As Americans continue to take advantage of a tight labor market to search for better- paying jobs, retention has become a serious concern for all companies. With healthcare, financial services, transportation and warehousing leading the way, 3.5 million workers voluntarily left their jobs in April 2018, the highest quit rate since the dotcom boom peaked in 2000.    

The reasons behind the trend appear obvious: Good talent is in high demand and people are confident they can find a better job elsewhere. While most quit their jobs for better pay and benefits, today’s environment also makes it easier for employees to act on their desire to escape a bad boss, uninspiring environment, or work in a hotter industry.

Most economists blame the high quit rates on low wages – an apparent historical hiccup since wages tend to rise when unemployment falls. The reasons behind the low wages have also left economists debating, offering scenarios such as declining unionization, increased outsourcing and the rising costs of benefits.

As the quit rate movement gained serious momentum in 2017, management became increasingly concerned. In recent months we seemed to have hit a threshold and companies are becoming more resourceful in fending off attrition. Not only are employers starting to raise wages, but are also becoming more flexible in benefits, work schedules, or offering the ability to work remotely for a portion of time or all of the time.  Recruiters, too, are becoming more proactive as they search for replacement talent, turning to “headhunting” to lure passive talent.

High quit rates impact management, from front-line supervisors up to CEOs

While a high quit rate is often considered the sign of a healthy economy, it brings significant business consequences. Keeping critical jobs filled is an increased stressor on management or for anyone who is expected to grow their company, division, or segment. If you cannot keep your people, you cannot hit your budgeted revenue numbers.  Plus, turnover is expensive, further reducing profits. Employers need to invest more resources to retain staff. With more people departing or just getting started and ramping up, it becomes difficult to keep projects on track and morale positive.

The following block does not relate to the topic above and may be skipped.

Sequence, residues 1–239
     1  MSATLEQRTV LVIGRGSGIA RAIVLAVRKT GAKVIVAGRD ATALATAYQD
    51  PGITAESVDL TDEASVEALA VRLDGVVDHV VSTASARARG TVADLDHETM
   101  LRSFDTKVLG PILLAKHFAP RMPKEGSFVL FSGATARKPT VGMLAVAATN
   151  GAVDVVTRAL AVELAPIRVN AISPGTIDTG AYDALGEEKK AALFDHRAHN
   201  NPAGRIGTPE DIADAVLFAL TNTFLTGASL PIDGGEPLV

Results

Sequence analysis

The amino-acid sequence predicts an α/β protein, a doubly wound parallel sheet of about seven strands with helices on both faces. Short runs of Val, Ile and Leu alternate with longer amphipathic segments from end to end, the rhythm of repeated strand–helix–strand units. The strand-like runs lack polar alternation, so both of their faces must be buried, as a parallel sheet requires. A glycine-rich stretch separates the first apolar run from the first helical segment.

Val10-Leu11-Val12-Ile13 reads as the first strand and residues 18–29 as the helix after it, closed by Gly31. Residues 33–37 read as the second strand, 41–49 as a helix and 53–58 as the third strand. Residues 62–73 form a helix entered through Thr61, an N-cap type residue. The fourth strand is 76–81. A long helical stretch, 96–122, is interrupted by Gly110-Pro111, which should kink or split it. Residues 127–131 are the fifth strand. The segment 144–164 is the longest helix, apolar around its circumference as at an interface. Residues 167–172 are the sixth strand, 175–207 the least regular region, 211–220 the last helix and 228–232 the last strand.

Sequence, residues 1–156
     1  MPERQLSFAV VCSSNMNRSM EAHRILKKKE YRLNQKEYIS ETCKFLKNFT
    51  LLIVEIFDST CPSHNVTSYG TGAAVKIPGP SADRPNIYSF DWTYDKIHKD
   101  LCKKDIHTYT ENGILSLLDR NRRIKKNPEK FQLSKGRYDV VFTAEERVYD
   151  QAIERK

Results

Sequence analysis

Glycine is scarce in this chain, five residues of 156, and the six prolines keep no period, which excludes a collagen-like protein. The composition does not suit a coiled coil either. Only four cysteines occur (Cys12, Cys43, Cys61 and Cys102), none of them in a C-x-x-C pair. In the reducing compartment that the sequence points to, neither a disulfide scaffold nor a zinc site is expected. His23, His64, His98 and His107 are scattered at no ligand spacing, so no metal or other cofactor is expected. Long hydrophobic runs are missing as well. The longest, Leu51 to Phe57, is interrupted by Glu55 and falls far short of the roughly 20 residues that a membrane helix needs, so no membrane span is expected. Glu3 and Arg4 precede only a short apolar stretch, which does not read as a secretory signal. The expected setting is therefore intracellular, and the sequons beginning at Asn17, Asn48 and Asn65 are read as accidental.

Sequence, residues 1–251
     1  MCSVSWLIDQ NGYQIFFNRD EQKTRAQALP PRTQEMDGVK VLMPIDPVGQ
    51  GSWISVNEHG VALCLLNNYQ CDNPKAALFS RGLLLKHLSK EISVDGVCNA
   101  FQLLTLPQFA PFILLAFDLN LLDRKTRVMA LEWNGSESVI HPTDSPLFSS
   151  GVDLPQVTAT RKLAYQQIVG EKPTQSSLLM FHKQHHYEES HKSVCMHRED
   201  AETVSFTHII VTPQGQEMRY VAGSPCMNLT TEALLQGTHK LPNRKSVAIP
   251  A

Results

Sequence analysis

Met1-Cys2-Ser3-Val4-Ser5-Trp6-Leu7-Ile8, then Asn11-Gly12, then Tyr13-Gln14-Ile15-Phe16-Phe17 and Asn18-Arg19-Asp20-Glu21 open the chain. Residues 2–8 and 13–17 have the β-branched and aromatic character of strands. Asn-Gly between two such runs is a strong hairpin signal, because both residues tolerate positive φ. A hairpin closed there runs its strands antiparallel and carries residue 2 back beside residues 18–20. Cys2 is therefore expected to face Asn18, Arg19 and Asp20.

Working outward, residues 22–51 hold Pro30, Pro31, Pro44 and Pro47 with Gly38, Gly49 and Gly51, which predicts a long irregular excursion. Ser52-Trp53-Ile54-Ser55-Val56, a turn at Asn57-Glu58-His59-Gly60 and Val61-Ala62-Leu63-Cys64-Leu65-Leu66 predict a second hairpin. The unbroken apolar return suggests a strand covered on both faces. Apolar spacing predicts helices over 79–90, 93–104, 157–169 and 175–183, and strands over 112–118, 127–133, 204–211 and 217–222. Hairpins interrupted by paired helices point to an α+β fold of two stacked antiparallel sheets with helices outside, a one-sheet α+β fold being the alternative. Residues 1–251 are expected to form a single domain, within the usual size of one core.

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It takes work to keep your best employees around  

The high cost of quit rates should compel HR and Talent Acquisition leaders to recommend new solutions to management, clearly explained in terms of P&L, rather than typical HR-speak. For example, is it possible to use new technology to replace labor? This would increase productivity of the existing workforce and pay could be increased accordingly. Should business units be realigned or re-organized to enable a better labor pool to draw from or to free up more revenue opportunities to increase pay? What are the benefits of moving to a more remote workplace?  Should there be a more concerted effort to understand the behavior of management as a contributing factor to attrition?

Take into consideration the training and upskilling opportunities your company offers.  According to a recent survey from McKinsey & Company, executives now see “investing in retraining and ‘upskilling’ existing workers as an urgent business priority that companies, not governments, must lead on.” On-the-job training and team development not only safeguard your ability to stay competitive as a business, it sends the message that you are dedicated to helping your employees achieve meaningful careers.

Do you have compelling and competitive long-term benefits? A recent Glassdoor survey says that “while perks, an easy commute and a high salary may be what gets employees in the door, they aren’t necessarily what keeps them around.” Employees also care about career growth within the company, long-term potential, and a commitment to matching 401ks. Pay attention to social media sites like Indeed, Glassdoor and Yelp to help keep a pulse on employee concerns that HR might not yet be aware of, and put a strategy in place to improve your employment brand.  

Finally, let’s not underestimate the role that meaningful work plays in retention. We spend a lot of time at work, and most people need to understand how their work provides social or economic value. Just as an employee may quit to escape an uninspiring environment, managers who care about providing motivating jobs earn loyalty. Whether through cross-functional teamwork or an opportunity to participate in a company-sponsored volunteer project, meaningful work inspires and makes even mundane activities uplifting.

A precaution for job hoppers

While I predict high quit rates will stick around until jobs get filled or openings get reduced for other reasons, here’s one message HR and recruiters need to get across: Taking the higher paying job in a ‘greener pasture’ can have consequences. If a company hits a rough spot and considers a reduction in workforce, the first people identified for cuts are typically the most recently hired people and, in particular, those with the highest pay. So, be careful what you ask for, it can bite back if things go south.

Mike Starich

Mike Starich is the former CEO at Orion Talent, a provider of skilled talent acquisition, recruitment optimization and military hiring to businesses in manufacturing, supply chain, energy, healthcare and more. Prior to joining Orion in 1992, Mike served in the Marine Corps for seven years as a flight officer and Marine officer recruiter.